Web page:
5 Tips for On-boarding New Employees
In the wake of the upswing in the world’s economy, more and more independent retailers are hiring across the board. Oftentimes that means more first-days and more hires to train. The truth is, the longer the ramp time, the more costly it is for the company. That’s why every retailer should adopt effective on-boarding practices to cut down on ramp up time, and save money in the long haul.
In this article, we are going to look at trade tips and tricks on how to effectively onboard and retain new hires.
1. Define what productivity means for your company
Ramp time is an essential part of on-boarding new employees. It simply refers to the period between when a worker is hired, and when he or she becomes productive in the workplace. That’s why you need to define productivity relative to your business’s bottom-line. In most cases, you can use metrics such as social reach, ramp time to revenue ratio, lead conversion rate, and pipeline management and generation to gauge productivity.
The big idea is to make sure that the new hire knows what’s expected of him or her by the end of ramp time. Ensure that the metrics for productivity are measurable and attainable for the activity and time.
2. Personalize the on-boarding process
On-boarding a new employee should be much more than conducting a conventional first-day orientation. It should be a multi-faceted approach that takes the new hire through an individualized process. Instead of using a boilerplate guideline, for instance, you can ask the new hire how he or she likes to be managed or trained. This way, you can learn about new employee’s personal goals so you can get new ones accordingly.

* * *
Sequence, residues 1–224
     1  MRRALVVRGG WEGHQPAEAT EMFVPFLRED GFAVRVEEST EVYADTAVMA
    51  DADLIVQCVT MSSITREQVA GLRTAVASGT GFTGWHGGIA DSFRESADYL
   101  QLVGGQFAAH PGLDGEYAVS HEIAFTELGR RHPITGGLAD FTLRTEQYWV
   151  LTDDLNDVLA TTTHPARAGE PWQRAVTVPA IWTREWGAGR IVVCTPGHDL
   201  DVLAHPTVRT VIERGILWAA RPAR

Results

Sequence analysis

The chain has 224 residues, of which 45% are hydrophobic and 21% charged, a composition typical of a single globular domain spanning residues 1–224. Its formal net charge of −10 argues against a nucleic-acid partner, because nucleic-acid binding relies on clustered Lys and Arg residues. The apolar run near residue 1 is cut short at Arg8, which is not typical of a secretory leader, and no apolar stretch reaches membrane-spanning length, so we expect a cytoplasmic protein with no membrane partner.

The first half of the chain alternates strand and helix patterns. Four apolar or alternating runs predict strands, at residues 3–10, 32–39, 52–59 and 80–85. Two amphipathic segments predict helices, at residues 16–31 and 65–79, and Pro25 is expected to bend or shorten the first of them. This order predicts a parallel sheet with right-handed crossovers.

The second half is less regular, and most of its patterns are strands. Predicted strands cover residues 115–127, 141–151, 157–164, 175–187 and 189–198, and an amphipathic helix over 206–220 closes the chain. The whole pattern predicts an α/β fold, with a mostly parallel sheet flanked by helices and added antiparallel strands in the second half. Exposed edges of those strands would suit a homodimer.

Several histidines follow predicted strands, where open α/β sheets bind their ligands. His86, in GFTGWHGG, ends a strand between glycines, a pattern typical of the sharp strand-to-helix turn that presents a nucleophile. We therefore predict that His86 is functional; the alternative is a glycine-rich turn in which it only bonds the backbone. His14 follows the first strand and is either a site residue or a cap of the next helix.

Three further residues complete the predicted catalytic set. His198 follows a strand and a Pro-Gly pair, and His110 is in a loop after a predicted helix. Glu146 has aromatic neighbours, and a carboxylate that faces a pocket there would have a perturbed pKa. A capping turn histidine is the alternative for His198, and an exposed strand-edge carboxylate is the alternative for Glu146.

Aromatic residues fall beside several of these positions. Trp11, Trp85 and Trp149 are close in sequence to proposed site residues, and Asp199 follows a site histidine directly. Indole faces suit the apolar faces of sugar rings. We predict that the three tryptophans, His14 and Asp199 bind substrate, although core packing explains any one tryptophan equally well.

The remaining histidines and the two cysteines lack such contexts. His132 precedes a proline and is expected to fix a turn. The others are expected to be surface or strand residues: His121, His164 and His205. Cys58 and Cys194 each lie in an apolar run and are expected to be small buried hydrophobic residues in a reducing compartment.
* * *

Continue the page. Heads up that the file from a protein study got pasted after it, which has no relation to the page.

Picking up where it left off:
3. Make it Product-Based
If you’re bringing in a new hire to the sales or marketing team, it’s best to skip company-wide training and get down to the real stuff. What will the new hires service or sell? Think of the product or service specifics and categories so you can identify how much the new employees have to know early on. More than that, you will work towards deepening their knowledge of the product from day one.
4. Nail the Details on the First Day
For most new hires, the first day is often stressful, and they spend most of it trying to impress. If you bombard them with lots of info, the chance is that they aren’t going to remember most of it. As such, you should stick to the basics to make their first day comfy. Make sure that you present information in an easy-to-understand manner.
5. Create a Plan — and Stick to It!
On-boarding is an ongoing process that doesn’t end after two days or a week of orientation. You should have a plan that spans several months so you can get feedback and address issues accordingly. Even so, you should have someone who’s accountable and makes sure the new hire is up to speed quickly.